$7.00 – $22.50
Not a true peppercorn, but a dried berry of the Schinus Bush. Popular in French & South American dishes, with pepper-like flavors and sweet, floral overtones. Related to the Cashew, may cause allergic reaction.
You mayalso like...
Dill Weed$4.25 – $14.25
A flavorful complement to foods, dill was also added to magic potions in the Middle Ages to protect homes and people from spells.
The flavor of dill has been described as citrus, fennel, and mint combined, and it’s best when added at the end of cooking to preserve the flavor. Add Dill Weed to salads, soups, fish and shellfish, vegetables and sauces.
Stinson Rub$7.50 – $24.00
Named after Northern California’s most popular beach, this blend of herbs & Ancho Chiles complements without overpowering. It delivers herb & berry tones, overlying the earthy Ancho flavor w/minimal bite. Use as dry-rub on steaks, chops, chicken, or full-flavored fish like salmon.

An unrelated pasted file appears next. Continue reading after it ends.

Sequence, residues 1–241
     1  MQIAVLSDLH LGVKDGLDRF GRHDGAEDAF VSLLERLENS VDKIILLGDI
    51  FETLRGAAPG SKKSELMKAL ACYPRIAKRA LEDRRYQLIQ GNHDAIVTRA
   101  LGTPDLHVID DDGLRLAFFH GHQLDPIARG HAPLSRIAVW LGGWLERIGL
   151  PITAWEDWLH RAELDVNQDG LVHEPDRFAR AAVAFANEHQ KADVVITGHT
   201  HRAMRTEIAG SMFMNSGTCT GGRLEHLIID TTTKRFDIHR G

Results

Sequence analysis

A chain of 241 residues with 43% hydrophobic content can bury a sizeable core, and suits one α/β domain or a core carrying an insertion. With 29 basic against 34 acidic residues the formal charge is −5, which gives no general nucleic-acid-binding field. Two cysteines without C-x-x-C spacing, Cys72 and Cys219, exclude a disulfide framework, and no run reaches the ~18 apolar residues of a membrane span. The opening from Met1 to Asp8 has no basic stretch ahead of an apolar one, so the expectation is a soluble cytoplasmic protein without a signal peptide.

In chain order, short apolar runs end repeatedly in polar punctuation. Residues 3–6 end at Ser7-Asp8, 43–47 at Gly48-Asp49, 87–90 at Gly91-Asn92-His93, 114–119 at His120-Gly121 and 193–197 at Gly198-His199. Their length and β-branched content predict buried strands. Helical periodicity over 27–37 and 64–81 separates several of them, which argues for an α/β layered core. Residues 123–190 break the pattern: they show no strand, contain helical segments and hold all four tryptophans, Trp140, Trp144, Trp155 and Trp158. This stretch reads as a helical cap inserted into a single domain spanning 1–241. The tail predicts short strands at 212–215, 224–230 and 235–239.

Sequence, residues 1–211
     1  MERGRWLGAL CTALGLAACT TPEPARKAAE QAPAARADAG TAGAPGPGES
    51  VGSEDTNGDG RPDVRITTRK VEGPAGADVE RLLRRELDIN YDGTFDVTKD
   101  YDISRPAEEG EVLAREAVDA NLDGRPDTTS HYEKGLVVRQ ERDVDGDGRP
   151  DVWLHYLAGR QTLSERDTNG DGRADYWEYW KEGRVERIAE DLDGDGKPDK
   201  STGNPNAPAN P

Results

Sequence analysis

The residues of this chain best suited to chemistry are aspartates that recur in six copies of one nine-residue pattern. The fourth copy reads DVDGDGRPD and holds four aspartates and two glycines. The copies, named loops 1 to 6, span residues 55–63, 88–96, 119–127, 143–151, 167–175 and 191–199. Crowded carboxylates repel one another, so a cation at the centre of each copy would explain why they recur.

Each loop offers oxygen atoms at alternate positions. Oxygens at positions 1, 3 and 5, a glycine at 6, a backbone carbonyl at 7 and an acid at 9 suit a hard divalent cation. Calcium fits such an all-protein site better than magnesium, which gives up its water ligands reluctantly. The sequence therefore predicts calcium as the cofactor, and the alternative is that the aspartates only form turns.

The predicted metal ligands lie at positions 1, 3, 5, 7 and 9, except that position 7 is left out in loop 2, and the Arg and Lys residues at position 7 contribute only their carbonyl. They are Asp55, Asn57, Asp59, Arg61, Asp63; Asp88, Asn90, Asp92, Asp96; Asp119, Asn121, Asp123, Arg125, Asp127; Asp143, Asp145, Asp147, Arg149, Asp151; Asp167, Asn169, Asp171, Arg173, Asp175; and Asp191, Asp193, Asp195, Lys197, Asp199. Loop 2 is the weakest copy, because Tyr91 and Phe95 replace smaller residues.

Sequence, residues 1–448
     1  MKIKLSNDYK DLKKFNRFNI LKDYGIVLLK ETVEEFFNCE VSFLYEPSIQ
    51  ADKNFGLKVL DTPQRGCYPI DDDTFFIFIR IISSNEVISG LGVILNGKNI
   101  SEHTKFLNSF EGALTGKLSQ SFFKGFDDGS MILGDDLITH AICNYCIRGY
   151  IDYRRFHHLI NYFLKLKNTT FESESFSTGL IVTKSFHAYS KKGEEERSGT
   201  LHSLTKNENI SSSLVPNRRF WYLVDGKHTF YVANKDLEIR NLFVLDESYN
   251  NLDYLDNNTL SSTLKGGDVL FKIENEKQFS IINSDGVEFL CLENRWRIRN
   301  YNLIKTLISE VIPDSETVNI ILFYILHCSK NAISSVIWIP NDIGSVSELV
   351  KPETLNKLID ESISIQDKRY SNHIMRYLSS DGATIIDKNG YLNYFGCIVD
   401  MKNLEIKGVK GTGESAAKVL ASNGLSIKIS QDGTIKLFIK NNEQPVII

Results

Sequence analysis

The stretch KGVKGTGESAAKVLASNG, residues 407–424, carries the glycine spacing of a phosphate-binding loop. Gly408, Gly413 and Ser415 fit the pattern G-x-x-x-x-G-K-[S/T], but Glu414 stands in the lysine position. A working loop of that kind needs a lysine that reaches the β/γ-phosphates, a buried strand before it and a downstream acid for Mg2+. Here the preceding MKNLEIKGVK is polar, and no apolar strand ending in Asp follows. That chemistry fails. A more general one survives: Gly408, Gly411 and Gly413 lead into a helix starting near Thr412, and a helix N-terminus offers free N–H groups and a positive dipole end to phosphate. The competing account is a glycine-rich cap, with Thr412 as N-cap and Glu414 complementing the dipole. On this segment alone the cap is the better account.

Oregano, Mexican$5.25 – $17.25
A relative of Lemon Verbena. Similar to Mediterranean oregano, though more citrusy with a hint of mild licorice. Use in Latin American dishes and Southwestern cuisine with Chile Peppers, Cumin, and Paprika.
Lemon Verbena$4.50 – $15.00
Use to add lemon flavor to fish, poultry, vegetables, and tea. Also provides a strong lemon flavor when steeped in hot water or added to rice or soup stock. Pairs well w/Lavender & Rosemary. [Lemon Verbena]
Parsley$3.25 – $11.00
Dedicated to the Greek goddess Persephone, parsley was valued for medicinal purposes and folk magic well before it was incorporated into European cuisine in the middle ages. Romans used it as a breath freshener and to prevent intoxication from wine.
Use it as edible garnish or add to stews, soups, sauces, dressings, eggs, potatoes and vegetables. Parsley is said to help prevent halitosis! [Parsley]